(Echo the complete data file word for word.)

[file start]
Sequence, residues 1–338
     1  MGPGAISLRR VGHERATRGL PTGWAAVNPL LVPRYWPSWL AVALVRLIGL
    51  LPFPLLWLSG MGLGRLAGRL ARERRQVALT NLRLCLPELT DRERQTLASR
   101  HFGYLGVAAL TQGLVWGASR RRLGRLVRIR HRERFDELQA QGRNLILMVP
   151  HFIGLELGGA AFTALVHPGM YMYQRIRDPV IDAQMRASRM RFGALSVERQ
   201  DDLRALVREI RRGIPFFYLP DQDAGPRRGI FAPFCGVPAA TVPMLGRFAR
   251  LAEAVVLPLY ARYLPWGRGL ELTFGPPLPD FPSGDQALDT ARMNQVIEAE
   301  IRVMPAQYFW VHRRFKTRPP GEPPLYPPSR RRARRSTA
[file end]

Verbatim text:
Sequence, residues 1–338
     1  MGPGAISLRR VGHERATRGL PTGWAAVNPL LVPRYWPSWL AVALVRLIGL
    51  LPFPLLWLSG MGLGRLAGRL ARERRQVALT NLRLCLPELT DRERQTLASR
   101  HFGYLGVAAL TQGLVWGASR RRLGRLVRIR HRERFDELQA QGRNLILMVP
   151  HFIGLELGGA AFTALVHPGM YMYQRIRDPV IDAQMRASRM RFGALSVERQ
   201  DDLRALVREI RRGIPFFYLP DQDAGPRRGI FAPFCGVPAA TVPMLGRFAR
   251  LAEAVVLPLY ARYLPWGRGL ELTFGPPLPD FPSGDQALDT ARMNQVIEAE
   301  IRVMPAQYFW VHRRFKTRPP GEPPLYPPSR RRARRSTA